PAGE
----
There have been numerous attempts to re-envision milestone recordings of ambient music as a contemporary response to the vision of the original composer. There have been countless trance and ambient tributes to The Dark Side of the Moon, alternative, remixed, and reimagined scores for classic films like Blade Runner and Nosferatu, and (perhaps most notably), The Black Dog’s Music For Real Airports served as a modern interpretation of Eno’s seminal ambient masterpiece.

jimmy-cauty-spaceThe original Space LP (1990)

To speak concretely and critically of this recording, I can say with great certainty that it rivals not only M Ward’s original This Is Not What Space Is About mix, but that it more compellingly captures the essence of interstellar travel than did Cauty, himself in 1990 with Space. Do not misunderstand me – J. Cauty’s record is, in and of itself, a milestone of both the KLF’s legacy and of the history of ambient music as a whole. For its time, it was the best and defining realization of its genre. But the Full Length Unmixed 2CD Promo of This Is Not What Space Is About is the most effective fulfilment of Cauty’s vision. Every ambient music listener should cash in their worker units and buy a ticket for this incredible cosmic journey.

It’s one hell of a ride.

A Tour of the Listening Room!

My birthday is fast-approaching, and as you would suspect, I am impossible to shop for.  Despite this challenge, my fiance has successfully surprised and delighted me with her creative gifts more and more with each passing year.

This year I had more than once wondered aloud how much I would love a 2-row record bin to flip through my collection record store style.  But, as other household expenses have always taken precedence, I’d never gone ahead and ordered one.

But yesterday, my fiance with her thrifty eagle eye spotted a wood-framed beer cooler roadside with a large rectangular aluminum-lined cavity that, as luck would have it, measures precisely wide enough for two deep rows of polybagged LPs!  It even has an additional shelf underneath for oversize box sets!

It’s been so long since I’ve done a video, and this new acquisition seemed the perfect opportunity for an updated tour of my listening room.

Note: I neglected to mention in the video – Underworld’s quintessential album, Dubnobasswithmyheadman is not missing from the collection I present – it is framed on the wall opposite the Eno • Hyde Someday World art print!

A few of the unmentioned items featured include:

Atop the Bookshelf:
William Basinski – The Disintegration Loops Box Set
Cyril Ritchard Reads Alice in Wonderland + Facsimile Clothbound HC of the first edition
Tangerine Dream – In the Beginning…
Tom Waits – Orphans
Underworld – Dubnobasswithmyheadman Super Deluxe Anniversary Ed.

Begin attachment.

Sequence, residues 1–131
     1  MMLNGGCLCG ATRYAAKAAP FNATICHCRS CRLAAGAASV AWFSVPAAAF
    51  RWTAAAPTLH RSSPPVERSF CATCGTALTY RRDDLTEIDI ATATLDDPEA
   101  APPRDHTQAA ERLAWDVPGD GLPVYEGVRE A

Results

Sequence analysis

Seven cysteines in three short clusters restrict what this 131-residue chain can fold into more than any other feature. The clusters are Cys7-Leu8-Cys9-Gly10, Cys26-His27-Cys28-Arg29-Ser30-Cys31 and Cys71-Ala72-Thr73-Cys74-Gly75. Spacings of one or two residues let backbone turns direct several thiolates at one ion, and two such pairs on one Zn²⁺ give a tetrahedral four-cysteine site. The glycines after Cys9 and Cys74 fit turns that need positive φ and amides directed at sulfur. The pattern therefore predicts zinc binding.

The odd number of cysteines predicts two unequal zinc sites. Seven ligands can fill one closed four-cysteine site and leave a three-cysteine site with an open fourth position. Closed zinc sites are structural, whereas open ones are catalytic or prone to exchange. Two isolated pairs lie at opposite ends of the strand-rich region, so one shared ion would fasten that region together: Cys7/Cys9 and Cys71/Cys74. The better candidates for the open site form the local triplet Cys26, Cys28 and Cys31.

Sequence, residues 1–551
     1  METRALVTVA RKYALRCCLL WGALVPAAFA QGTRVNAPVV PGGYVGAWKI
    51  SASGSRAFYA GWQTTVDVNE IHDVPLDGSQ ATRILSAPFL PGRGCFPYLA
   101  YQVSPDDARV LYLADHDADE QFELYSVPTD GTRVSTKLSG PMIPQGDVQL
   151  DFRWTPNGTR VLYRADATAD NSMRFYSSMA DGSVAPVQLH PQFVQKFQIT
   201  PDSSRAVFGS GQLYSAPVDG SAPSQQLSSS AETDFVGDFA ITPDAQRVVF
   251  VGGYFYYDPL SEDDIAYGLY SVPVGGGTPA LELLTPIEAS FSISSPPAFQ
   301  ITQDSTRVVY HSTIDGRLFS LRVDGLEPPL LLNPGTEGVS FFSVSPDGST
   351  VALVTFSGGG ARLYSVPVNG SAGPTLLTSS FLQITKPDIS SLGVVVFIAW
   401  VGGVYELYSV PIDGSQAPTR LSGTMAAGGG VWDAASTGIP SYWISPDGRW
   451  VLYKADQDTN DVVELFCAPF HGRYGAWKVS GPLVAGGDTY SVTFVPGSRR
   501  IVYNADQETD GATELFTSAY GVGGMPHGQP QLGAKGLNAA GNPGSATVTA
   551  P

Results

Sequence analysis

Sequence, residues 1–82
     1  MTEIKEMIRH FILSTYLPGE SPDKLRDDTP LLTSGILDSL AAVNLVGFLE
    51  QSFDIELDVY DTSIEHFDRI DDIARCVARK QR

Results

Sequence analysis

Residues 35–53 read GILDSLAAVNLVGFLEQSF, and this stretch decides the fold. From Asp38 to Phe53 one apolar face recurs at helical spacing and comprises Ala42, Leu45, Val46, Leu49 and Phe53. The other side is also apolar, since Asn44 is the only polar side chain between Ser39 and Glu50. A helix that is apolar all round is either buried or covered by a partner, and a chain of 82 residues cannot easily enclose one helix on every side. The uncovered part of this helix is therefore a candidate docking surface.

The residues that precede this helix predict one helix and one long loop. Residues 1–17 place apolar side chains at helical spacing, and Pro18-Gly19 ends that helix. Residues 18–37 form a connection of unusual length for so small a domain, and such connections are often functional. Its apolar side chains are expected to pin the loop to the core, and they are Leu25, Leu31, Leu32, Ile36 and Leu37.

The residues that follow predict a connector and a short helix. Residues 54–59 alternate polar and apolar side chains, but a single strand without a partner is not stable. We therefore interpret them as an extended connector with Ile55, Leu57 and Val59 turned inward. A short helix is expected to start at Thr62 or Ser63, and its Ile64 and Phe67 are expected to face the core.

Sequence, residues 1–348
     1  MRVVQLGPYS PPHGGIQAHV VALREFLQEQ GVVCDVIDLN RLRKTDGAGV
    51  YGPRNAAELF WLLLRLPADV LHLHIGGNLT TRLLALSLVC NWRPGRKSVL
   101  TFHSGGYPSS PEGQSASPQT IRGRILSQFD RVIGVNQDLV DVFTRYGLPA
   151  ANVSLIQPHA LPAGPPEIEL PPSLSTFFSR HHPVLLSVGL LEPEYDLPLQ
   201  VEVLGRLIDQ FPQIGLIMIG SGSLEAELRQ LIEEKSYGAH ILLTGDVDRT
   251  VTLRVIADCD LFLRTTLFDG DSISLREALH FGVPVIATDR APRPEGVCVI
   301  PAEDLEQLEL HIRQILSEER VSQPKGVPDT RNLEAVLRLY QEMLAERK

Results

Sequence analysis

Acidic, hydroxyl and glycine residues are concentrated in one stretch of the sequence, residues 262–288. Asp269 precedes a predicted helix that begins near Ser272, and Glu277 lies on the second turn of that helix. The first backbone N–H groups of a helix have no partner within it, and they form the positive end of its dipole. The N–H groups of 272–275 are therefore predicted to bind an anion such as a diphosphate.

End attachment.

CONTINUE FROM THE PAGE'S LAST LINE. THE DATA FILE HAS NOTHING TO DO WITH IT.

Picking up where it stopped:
Underworld – Barking Super Deluxe Ed.
20 Years of Jethro Tull: The Definitive Collection
The Motown Story: The First Decade
Miles Davis at the Fillmore Box Set
Harmonia – Complete Works

Atop the Jazz/20th Century Avant-Garde/Funk & Soul/Blues/ and Proto Electronic Shelf:
Klaus Schulze + Pete Namlook – The Dark Side of the Moog Vol I-IV
Music From Some Guys in Space (Fan-Made Box Set)
FAX +49-69/45046 / Carpe Sonum – Die Welt Ist Klang: A Tribute to Pete Namlook
Lemon Jelly – lemonjelly.ky
Lemon Jelly – Lost Horizons
Lemon Jelly – ’64-’95 DVD box
The KLF Recovered & Remastered Collection (with new titles I’ll be featuring soon!)
and the Buckner & Garcia – “Pac-Man Fever” square pic disc

As for the contents of the record bin; I think I covered each of these in the vid… but let me know if you’re wondering about any titles in particular!

Thanks so much for watching and extra-special thanks to my dear fiance for doing the impossible year after year!

 

Published in: on June 4, 2016 at 11:31 am  Comments (1)  
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A Bit of Desolation to Still the Mind

Things have been really crazy lately with all the wedding preparation, so I’ve found myself setting aside an hour at the end of each day to slow everything down, read or write, and to play some pulse-slowing field recordings and ambient music to steady my mind.

One album that I keep returning to, sometimes multiple times in a row is a collaboration between Biosphere and The Higher Intelligence Agency called Polar Sequences released on the highly sought-after Beyond label.

The album is an exceptional example of arctic ambient – with its cold and desolate air and a meditative, drone-like quality.

The liner notes reveal that the album is, in fact, a live recording capturing concert performances of the two artists together in Tromsø, Northern Norway from 1995.

‘Tromsø, 70 degrees north, in the Arctic region, in the middle of the most active northern lights zone. In summer time, land of the midnight sun. In winter, total darkness.

In October 1995, as part of the annual Polar Music Festival, Geir Jenssen of Biosphere and Bobby Bird of The Higher Intelligence Agency, were commissioned by Nor Concerts to collaborate together on a musical project to take place in Geir’s home town of Tromsø, Norway. The brief was for them to perform three concerts, using sounds sourced from the area as the basis of the music – the machinery of the local mountain cable lift, the snow, the ice etc…